☄️ 30 years since the first asteroid encounter – this is what you need to know

☄️ 30 years since the first asteroid encounter – this is what you need to know

30 years after our first visit to an asteroid, the projects and perspectives around asteroids have flourished. Our knowledge about them has extended massively – both in terms of risks and possibilities.

Vincent Roose
Vincent Roose

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2021 marked the 30th anniversary of the first encounter with an asteroid. It opened the path for an entirely new field of research and projects. Despite the impressive progress made, science and technology still are at the very beginning of what asteroids have to teach and provide. The perspectives are promising, not least including asteroid mining, but the challenges are also enormous.

A piece of rock for history

Discovered in 1916 by Russian astronomer Grigory Nikolayevich Neujmin, the asteroid 951 Gaspra looks like any other S-Type asteroid among the hundreds of thousands of in our solar system. Yet, its name will forever be associated with a pivotal moment of space exploration.

Indeed, 951 Gaspra was the first asteroid to be visited by a spacecraft. The encounter happened on October 29th, 1991, just about 30 years ago. The target of the Galileo probe was Jupiter and its plethora of moons. But the opportunity to fly by 951 Gaspra rose because its orbit and position in the asteroid belt aligned perfectly on the trajectory of the probe.

Galileo captured and sent to Earth 57 pictures, and the first close-ups ever. Thanks to these, researchers could lay down hypotheses on the formation of such celestial bodies, their history, and composition. 951 Gaspra belongs to the S-type category, meaning it is mainly made of minerals. S in S-type stands for siliceous, as opposed to C-type constituted of carbon, whereas X-type gathers a large variety of more rare asteroids.

Asteroid 951 Gaspra as seen by Galileo. Courtesy USGS/NASA/JPL

The value of close visits

Its measurements are 19 by 12 by 11 kilometers, but according to in-depth analysis of pictures, the asteroid appears to be suffering from erosion making it complicated to ensure its geological properties.

As highlighted by Helfenstein et al., the real strength of such a fly-by is to be able to observe what could not be seen from distance. Close-ups reveal detailed views of the elevations, the craters, and extended information about what such a small space body went through.

Confirming the value of close visits, Galileo pursued its way and visited 243 Ida, another stony asteroid of the Kuiper belts. Estimated to be ten times older, twice as big as 951 Gaspra, 243 Ida also has the specificity of being orbited by Dactyl, its tiny asteroid-moon.

Sequence of images captured during Galileo's flyby of asteroid 243 Ida. NASA/JPL - Based on http://neo.jpl.nasa.gov/images/ida3.jpg in http://neo.jpl.nasa.gov/images/ida.html

The first fly-by proved worthy, many more were to come, and they kept on affirming the reasons to visit little rocks floating in the void of space.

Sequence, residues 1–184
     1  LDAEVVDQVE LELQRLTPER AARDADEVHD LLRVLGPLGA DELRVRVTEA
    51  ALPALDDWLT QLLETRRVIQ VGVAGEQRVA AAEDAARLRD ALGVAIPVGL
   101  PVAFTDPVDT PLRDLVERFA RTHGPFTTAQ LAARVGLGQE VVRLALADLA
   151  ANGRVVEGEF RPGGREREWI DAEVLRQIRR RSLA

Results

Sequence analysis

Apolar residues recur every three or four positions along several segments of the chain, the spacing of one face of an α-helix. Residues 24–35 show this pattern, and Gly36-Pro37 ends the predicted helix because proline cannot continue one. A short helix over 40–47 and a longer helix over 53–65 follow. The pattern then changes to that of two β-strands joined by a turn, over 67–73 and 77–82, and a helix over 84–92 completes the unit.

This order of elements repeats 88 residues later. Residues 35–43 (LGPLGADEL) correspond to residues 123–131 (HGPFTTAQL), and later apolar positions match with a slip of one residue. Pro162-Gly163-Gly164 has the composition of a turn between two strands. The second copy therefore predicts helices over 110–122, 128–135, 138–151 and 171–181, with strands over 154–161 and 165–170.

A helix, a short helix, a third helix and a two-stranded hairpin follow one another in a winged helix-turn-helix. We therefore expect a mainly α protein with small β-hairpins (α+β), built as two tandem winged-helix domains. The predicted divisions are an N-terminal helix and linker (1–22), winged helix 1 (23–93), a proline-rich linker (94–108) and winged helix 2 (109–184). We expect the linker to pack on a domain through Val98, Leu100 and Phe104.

A great moment for science happens when achievements are reproduced. It is one thing to send a man-made object crossing the path of an asteroid, but repeating it with the same success is just as difficult and important. It allows scientists to turn away from the hypothesis of one lucky attempt.

Only 10 years after the first encounter between the Galileo probe and 951 Gaspra, asteroid missions made a real jump. On February 12, 2001, NASA's NEAR Shoemaker probe not only orbited but became the first spacecraft to land on an asteroid, 433 Eros.

Eros asteroid from approximately 250 meters altitude (area in image is roughly 12 meters across). This image was taken during NEAR's descent to the surface of the asteroid. Courtesy of NASA.

A tortuous journey to success

NEAR Shoemaker first targeted 253 Mathilde, a 61-kilometer diameter asteroid. The probe reached it on June 27, 1997, and once again, it sent to Earth crucial data and about 500 images.

NEAR Shoemaker then pursued its route towards its primal goal, the S-type asteroid 433 Eros. The planned route included a fly-by Earth for a gravitational push.

The original idea was to join the asteroid's orbit on December 20, 1998, but eventually had to be called off after the first attempt. For a reason that remains unclear, the thrusters of the probe were fired a thousand times, resulting in the probe switching to safe mode. During 24 hours, there were no contacts between mission control and the craft.

A new plan was drawn, with NEAR first simply flying by 433 Eros, during which pictures, spectrum measures were made. It was a year later, on February 14, 2000, that orbital insertion happened. It required two weeks for the probe to meet the trajectory of Eros, and adjust its velocity. After nine months around the asteroid, NEAR shifted trajectory and slowly began descending towards the surface, resulting in its landing on February 12, 2001.

Artist's conception of the NEAR Shoemaker spacecraft. Originally from the NSSDC website: http://nssdc.gsfc.nasa.gov/nmc/tmp/1996-008A.html

Smaller spacecraft and smaller cost

Unfortunately, two weeks after contact on the ground, the spacecraft succumbed probably due to extremely cold temperatures and stopped transmitting data. But the real strength of NEAR Shoemaker lied elsewhere. Indeed, this program was a success thanks to its relatively low cost, about $224 million over 5 years on its mission.

It proved that programs with smaller robotic crafts (and therefore smaller costs) could be as successful as more spectacular missions. It was the first of the Discovery Program series, which remains one of NASA's primary focuses up to date.